Cain, however, retained much of his voter support. An NBC News/Wall Street Journal poll at the time found a majority of Republicans were unbothered by the allegations. 

When a woman named Ginger White came forward in late November 2011 claiming to have had a 13-year affair with Cain, his polling numbers finally took a hit. Days later, Cain suspended his campaign, and he never again ran for office.

Herman-Cain Mitt Romney and Herman Cain spoke in a Republican presidential debate during the 2012 election. Mark Blinch/Reuters

Anthony Weiner

The former New York congressman resigned in 2011 after sending lewd photos to a supporter on Twitter—starting a sick saga that only grew more disturbing in the following years.

The disgraced former congressman decided to run for public office again in 2013, when he threw his hat into the New York City mayoral campaign. His surprisingly successful bid for mayor, though, was interrupted by another sexting scandal, which revealed he had been messaging under the name "Carlos Danger." That put his entire campaign in danger, and he ended up with just 5 percent of the votes in the Democratic primary. 

His political career ended there, but the sexting scandals didn't. The Daily Mail revealed September 2016 that Weiner had been sexting a 15-year-old girl for three months earlier that year. He was convicted of transferring obscene material to a minor, and reported this week to start serving a 21-month prison sentence.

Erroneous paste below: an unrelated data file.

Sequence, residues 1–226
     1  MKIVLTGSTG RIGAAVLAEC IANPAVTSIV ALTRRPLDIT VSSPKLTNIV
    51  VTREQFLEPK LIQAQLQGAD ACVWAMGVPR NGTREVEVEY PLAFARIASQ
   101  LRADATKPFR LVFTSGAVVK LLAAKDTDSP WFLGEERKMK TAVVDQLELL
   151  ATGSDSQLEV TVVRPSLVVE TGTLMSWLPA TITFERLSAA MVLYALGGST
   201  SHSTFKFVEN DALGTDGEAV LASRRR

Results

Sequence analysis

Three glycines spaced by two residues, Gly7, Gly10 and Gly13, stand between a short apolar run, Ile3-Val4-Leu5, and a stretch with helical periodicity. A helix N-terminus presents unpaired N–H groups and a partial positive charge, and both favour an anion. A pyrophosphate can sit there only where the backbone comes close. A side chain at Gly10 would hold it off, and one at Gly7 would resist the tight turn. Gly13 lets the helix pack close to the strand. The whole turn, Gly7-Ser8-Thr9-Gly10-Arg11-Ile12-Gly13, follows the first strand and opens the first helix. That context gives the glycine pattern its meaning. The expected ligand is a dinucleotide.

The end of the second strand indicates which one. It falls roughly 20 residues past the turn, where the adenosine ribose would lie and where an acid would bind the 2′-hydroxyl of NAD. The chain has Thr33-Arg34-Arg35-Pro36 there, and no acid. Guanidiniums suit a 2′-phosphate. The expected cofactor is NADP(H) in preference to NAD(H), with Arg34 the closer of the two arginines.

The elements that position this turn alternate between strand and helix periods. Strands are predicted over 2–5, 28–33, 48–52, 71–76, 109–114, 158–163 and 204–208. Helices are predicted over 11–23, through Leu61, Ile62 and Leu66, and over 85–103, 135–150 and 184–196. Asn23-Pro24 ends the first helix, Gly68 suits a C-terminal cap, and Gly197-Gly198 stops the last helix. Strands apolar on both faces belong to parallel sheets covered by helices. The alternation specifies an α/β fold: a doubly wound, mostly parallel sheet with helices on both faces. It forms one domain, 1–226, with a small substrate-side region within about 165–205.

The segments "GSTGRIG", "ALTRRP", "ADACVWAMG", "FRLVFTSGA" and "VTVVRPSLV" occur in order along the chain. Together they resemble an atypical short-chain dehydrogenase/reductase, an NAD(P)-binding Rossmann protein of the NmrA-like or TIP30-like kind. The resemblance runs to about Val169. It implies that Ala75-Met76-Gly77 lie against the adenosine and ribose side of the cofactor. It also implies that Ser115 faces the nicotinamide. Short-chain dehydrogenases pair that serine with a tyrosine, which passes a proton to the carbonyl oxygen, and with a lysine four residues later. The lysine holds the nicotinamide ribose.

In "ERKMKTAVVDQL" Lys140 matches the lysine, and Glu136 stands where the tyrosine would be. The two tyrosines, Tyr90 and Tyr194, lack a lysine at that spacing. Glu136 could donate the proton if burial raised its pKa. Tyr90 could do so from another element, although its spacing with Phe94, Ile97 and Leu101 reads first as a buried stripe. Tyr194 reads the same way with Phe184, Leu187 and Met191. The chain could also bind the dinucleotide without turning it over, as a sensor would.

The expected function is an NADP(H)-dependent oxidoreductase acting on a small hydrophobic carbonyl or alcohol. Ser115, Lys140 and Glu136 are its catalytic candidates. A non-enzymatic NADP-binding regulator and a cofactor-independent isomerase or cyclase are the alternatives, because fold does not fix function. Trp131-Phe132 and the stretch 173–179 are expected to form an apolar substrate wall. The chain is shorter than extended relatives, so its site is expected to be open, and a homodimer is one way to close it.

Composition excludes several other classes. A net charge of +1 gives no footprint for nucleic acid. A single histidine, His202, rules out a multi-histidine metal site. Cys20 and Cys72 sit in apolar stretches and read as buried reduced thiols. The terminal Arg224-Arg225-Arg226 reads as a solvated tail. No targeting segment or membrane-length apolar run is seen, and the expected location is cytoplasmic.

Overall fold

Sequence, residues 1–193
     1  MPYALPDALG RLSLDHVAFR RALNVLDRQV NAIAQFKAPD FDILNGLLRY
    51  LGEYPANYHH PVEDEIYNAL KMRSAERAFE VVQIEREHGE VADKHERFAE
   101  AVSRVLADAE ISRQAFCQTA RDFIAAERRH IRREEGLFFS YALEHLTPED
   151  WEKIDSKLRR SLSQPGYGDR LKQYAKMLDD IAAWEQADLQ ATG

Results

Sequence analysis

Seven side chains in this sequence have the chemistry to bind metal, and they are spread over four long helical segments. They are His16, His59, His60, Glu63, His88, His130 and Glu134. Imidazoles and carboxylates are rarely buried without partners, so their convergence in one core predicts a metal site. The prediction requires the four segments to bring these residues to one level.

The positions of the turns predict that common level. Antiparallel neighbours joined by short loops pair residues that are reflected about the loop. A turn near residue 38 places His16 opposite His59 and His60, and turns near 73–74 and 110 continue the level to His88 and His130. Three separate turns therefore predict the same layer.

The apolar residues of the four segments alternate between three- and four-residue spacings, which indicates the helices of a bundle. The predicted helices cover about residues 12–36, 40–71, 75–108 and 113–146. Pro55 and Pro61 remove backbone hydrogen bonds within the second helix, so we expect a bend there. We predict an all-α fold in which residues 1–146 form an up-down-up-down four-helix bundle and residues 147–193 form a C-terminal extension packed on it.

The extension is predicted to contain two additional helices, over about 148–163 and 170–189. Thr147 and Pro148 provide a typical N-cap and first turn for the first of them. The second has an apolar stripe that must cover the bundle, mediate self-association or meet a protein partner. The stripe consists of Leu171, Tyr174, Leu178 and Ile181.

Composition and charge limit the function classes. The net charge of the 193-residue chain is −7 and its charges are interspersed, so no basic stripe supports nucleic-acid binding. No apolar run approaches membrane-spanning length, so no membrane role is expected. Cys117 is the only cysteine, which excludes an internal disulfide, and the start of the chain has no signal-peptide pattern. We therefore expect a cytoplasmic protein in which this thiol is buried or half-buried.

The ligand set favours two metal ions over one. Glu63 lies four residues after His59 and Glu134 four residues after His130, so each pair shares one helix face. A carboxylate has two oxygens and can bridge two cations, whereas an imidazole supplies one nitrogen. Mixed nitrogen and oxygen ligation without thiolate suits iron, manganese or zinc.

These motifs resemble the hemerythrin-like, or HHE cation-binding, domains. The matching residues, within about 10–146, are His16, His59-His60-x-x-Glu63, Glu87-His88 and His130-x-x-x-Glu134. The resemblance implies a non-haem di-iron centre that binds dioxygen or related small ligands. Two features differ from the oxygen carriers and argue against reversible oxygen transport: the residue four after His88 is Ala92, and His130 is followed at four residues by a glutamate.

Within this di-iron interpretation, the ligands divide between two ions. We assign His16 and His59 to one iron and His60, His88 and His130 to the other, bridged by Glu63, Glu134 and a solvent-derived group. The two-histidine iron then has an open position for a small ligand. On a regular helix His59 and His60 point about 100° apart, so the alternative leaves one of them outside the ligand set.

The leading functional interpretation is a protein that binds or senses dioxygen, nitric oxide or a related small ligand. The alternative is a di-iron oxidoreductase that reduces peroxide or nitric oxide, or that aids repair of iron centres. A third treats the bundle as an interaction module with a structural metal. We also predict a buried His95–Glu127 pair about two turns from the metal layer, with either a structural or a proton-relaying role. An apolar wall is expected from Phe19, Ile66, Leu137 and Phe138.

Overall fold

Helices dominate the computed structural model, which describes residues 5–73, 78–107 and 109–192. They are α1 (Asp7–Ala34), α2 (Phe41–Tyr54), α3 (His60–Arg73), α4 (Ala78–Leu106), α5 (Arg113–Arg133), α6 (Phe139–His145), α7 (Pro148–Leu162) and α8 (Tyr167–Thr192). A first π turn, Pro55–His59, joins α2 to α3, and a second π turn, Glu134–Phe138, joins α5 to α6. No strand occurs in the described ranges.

This final scandal might have also derailed the campaign for Hillary Clinton, who would have been America's first female presence if she won the 2016 race. Former FBI Director James Comey re-opened his investigation into Clinton's private email server days before the election because of materials found during the probe into Weiner's teen sexting. Even though the investigation soon concluded with no new findings, Clinton has blamed the last-minute suspicion for her surprise loss.

GettyImages-853548906 Anthony Weiner's dashed his own political aspirations with unrelenting sexual misconduct. Spencer Platt/Getty Images

President Donald Trump

Trump faced sexual assault and harassment accusations from over a dozen women in the final stretch of the 2016 presidential election. This landslide of accusations followed a leaked Access Hollywood tape that caught Trump bragging about grabbing women's genitals. 

Trump dismissed his now-infamous "grab them by the pussy" comments as "locker room talk" and vehemently denied the sexual assault accusations, suggesting his accusers were too ugly to assault and were just seeking fame. 

Just one week before the election, an Associated Press-GfK poll found that more than seven in 10 Americans believed Trump's accusers, including 42 percent of Republicans and 35 percent of Trump's own supporters. 

Trump became the president anyway—sending a sign to men everywhere in politics that their campaigns could now endure accusations from women. 

Join the Discussion